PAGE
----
The (New) German Question


The unfolding Euro crisis has raised a new variant on the old German Question.  For much of its history as a state, Germany has been the pivotal state in Europe.  After the Cold War and the reunification of East and West, the fate of "Europe" as a unified political and economic space depended entirely on Germany’s willingness to let go of the vaunted Deutsche Mark.    Now, the fate of the Euro — and arguably the EU — rests on Angela Merkel.

Berlin has, naturally, been pushing fiscal austerity throughout the current financial crisis and recession, agreeing to various bailouts and stimulus packages after kicking and screaming in resistance.  Keeping with the script, they have been very reluctant to help out the Greeks, who they see as having gotten themselves into a financial mess with profligate spending and a poor work ethic.  (Greece’s early retirement age is apparently especially grating, as it’s constantly cited by German commentators.)

And, certainly, German domestic politics are not likely to sway Merkel to change course.  Spiegel:

Fully 71 percent of Germans are against sending EU funds to Greece, according to a survey by the research group Emnid. A survey conducted for the tabloid Bild am Sonntag found that just over half of Germans would like to see Greece thrown out of the euro zone altogether.

Nobel economic laureate Paul Krugman has been arguing for weeks that the problem is not mainly Greek — Spain, with a much bigger economy, is having quite serious issues of its own — nor mainly one of a "lack of fiscal discipline" on the part of some irresponsible governments.

No, the real story behind the euromess lies not in the profligacy of politicians but in the arrogance of elites — specifically, the policy elites who pushed Europe into adopting a single currency well before the continent was ready for such an experiment.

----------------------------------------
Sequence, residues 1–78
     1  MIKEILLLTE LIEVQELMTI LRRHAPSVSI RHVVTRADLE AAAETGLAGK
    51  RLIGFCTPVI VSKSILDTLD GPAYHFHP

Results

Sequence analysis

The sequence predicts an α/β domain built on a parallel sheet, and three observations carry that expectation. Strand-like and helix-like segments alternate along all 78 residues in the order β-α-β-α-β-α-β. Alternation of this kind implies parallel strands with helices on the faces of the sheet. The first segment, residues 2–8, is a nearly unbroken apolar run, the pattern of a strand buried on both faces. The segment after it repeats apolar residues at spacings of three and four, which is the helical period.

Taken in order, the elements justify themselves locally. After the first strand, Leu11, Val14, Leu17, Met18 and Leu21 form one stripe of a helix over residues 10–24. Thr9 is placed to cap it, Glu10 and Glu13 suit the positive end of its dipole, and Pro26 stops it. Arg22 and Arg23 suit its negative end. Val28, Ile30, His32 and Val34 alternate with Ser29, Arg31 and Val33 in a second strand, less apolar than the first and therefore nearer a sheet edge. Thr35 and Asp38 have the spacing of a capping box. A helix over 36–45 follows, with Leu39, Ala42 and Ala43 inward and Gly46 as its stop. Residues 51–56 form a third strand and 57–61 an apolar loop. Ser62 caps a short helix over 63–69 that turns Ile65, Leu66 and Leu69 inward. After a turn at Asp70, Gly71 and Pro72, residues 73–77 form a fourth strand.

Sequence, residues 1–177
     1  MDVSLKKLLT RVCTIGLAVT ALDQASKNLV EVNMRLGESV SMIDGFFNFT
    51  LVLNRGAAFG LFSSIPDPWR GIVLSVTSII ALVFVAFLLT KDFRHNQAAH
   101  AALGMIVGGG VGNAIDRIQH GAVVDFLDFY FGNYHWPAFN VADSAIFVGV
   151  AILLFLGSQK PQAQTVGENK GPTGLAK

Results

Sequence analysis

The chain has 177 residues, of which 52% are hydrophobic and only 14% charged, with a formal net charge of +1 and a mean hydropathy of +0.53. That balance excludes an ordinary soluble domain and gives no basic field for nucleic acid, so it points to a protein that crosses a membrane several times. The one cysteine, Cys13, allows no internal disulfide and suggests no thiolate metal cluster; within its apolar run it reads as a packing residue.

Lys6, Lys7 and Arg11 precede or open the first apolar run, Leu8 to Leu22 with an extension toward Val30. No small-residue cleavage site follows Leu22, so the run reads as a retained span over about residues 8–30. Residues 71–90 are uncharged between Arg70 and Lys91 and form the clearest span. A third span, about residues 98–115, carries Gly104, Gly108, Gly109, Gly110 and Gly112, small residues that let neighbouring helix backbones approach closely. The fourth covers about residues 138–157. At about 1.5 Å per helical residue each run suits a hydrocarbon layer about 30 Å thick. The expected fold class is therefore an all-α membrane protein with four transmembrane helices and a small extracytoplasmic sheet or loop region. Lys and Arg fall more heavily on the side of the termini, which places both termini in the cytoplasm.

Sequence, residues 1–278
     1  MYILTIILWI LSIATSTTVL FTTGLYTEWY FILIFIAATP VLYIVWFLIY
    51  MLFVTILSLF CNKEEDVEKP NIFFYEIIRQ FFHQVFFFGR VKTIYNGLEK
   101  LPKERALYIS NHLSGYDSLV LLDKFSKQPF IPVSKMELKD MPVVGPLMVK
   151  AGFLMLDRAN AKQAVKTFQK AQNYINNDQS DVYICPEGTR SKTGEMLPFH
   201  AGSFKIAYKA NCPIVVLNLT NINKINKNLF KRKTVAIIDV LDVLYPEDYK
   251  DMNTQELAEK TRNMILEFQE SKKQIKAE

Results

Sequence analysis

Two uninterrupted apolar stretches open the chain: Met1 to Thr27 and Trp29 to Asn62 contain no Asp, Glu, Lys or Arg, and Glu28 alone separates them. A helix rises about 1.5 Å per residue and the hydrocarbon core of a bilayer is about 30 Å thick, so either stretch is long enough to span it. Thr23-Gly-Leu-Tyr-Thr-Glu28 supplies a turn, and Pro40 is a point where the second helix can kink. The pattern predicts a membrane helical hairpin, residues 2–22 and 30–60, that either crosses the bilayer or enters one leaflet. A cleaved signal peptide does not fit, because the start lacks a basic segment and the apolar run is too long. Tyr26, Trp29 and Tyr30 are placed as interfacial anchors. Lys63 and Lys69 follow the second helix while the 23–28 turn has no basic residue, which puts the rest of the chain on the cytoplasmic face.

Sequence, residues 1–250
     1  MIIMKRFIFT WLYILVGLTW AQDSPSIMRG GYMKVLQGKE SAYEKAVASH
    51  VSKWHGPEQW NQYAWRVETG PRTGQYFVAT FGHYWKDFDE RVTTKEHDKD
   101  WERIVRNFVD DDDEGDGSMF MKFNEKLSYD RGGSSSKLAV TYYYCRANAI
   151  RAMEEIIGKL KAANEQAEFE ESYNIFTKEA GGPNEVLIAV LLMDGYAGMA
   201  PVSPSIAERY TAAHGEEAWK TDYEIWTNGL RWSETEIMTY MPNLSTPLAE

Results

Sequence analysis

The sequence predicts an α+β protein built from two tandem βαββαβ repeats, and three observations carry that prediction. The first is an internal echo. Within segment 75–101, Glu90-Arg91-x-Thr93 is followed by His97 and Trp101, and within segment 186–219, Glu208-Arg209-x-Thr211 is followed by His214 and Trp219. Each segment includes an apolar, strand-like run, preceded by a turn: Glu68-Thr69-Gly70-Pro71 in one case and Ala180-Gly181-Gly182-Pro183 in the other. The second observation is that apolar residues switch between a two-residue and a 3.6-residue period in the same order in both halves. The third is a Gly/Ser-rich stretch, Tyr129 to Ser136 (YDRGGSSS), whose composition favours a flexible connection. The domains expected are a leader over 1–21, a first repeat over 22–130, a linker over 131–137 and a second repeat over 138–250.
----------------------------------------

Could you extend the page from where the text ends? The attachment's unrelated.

Spain, in Krugman’s view, was the classic case of a bubble economy while, yes, Greek’s government was irresponsible.  But the problem now is that their hands are tied.  They’ve got neither the flexibility that comes with having independent control of one’s own currency nor the security that comes with being a failing region within a sovereign state.

None of this should come as a big surprise. Long before the euro came into being, economists warned that Europe wasn’t ready for a single currency. But these warnings were ignored, and the crisis came.

Now what? A breakup of the euro is very nearly unthinkable, as a sheer matter of practicality. As Berkeley’s Barry Eichengreen puts it, an attempt to reintroduce a national currency would trigger “the mother of all financial crises.” So the only way out is forward: to make the euro work, Europe needs to move much further toward political union, so that European nations start to function more like American states.

Which, as my colleague Fran Burwell, the director of our Transatlantic Relations program, reminds us, was the whole point behind the Euro to begin with:  It was first and foremost a tool for political integration.   But the Economist‘s EU columnist, Charlemagne, thinks it may be time to rethink that goal.